Sea Star Wasting Monitoring

Jan 5, 2016

Most regular people spent the evening of Tuesday, November 24th preparing for Thanksgiving. People all over the country made pumpkin pies, baked casseroles, and picked squashes. Some people went on long runs to increase their appetites and others ate big meals to stretch their stomachs in preparation for the big night. However, a small, nerdy handful of people did none of those things. These intrepid adventurers got ready for Thanksgiving by braving the wind and the cold to count sea stars. I was lucky enough to be one of those nerds, and below is the story of that adventure.

The third Tuesday in November was the seasonal survey of our long-term sea star monitoring plots at Indian Island County Park. The PTMSC has monitored these plots four times a year ever since the 2013 Sea Star Wasting Disease outbreak. We are partners in a West Coast monitoring program coordinated by the Multi-Agency Rocky Intertidal Network (MARINe) designed to monitor the health of sea star populations and severity of disease outbreaks.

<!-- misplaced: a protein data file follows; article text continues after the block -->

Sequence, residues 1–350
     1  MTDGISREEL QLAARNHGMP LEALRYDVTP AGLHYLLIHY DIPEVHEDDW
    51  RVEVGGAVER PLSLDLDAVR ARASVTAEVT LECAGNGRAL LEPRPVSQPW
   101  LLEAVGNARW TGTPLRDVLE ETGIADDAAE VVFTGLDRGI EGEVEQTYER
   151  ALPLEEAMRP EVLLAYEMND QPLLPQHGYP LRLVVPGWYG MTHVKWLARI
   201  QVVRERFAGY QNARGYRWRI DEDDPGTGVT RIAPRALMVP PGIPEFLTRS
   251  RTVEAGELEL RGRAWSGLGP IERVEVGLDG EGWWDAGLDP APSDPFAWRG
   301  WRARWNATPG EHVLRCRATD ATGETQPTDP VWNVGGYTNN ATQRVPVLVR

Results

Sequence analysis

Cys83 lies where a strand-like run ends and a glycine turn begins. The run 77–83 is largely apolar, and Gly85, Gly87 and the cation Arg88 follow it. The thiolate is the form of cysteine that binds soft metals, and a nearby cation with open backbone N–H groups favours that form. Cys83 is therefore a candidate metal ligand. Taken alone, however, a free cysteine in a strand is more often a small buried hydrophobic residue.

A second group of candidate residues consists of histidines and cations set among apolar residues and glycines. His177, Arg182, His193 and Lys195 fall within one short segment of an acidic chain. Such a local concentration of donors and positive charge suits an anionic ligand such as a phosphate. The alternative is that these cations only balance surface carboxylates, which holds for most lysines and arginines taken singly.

Tuesday afternoon I packed a backpack with all the necessary supplies. Data sheets, check. Bleach solution, check. Tiny tape measures, check. As I gathered the equipment and chatted with volunteers, I felt the familiar buzz of fieldwork anticipation. At 3:30 pm, I was set to go. Only five hours and seven minutes until low tide. When searching for sea stars, it’s best to wait for the water level to drop.

I popped into the staff meeting and the mood was excited and interested. Everyone was anxious to hear how our local stars were faring. The wind picked up outside, but I didn’t think anything of it until the lights flickered and went out. And stayed out. 20 minutes later, I was still tapping my foot, willing the power to come back on. At the Marine Science Center, no power means no pumps. When the pumps go off, the fish and invertebrates in the aquarium get understandably unhappy. If the power stayed off, it would be time to bust out the backup generator for the second time this month. I already had a long night ahead of me and was not quite ready for that. Just before 5 pm, the lights flickered back on and I raced out to the Marine Exhibit. With the pumps whirring and the alarm reset, I was ready for dinner. Three hours and sixteen minutes until low tide.

Head to Rebecca's blog post to read the rest of the story!